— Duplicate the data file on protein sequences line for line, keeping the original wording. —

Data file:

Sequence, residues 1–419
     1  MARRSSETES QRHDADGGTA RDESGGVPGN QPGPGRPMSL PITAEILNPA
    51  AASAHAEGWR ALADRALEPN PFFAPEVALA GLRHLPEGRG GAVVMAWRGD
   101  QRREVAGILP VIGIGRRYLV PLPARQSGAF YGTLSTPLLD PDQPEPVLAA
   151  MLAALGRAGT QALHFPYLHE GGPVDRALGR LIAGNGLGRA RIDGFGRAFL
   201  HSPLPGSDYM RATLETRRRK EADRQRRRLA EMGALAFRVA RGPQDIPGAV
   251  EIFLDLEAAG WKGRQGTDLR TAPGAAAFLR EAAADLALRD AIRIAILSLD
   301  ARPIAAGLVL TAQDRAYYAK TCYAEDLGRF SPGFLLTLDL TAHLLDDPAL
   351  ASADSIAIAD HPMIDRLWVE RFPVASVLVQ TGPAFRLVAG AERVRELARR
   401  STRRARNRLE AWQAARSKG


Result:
Sequence, residues 1–419
     1  MARRSSETES QRHDADGGTA RDESGGVPGN QPGPGRPMSL PITAEILNPA
    51  AASAHAEGWR ALADRALEPN PFFAPEVALA GLRHLPEGRG GAVVMAWRGD
   101  QRREVAGILP VIGIGRRYLV PLPARQSGAF YGTLSTPLLD PDQPEPVLAA
   151  MLAALGRAGT QALHFPYLHE GGPVDRALGR LIAGNGLGRA RIDGFGRAFL
   201  HSPLPGSDYM RATLETRRRK EADRQRRRLA EMGALAFRVA RGPQDIPGAV
   251  EIFLDLEAAG WKGRQGTDLR TAPGAAAFLR EAAADLALRD AIRIAILSLD
   301  ARPIAAGLVL TAQDRAYYAK TCYAEDLGRF SPGFLLTLDL TAHLLDDPAL
   351  ASADSIAIAD HPMIDRLWVE RFPVASVLVQ TGPAFRLVAG AERVRELARR
   401  STRRARNRLE AWQAARSKG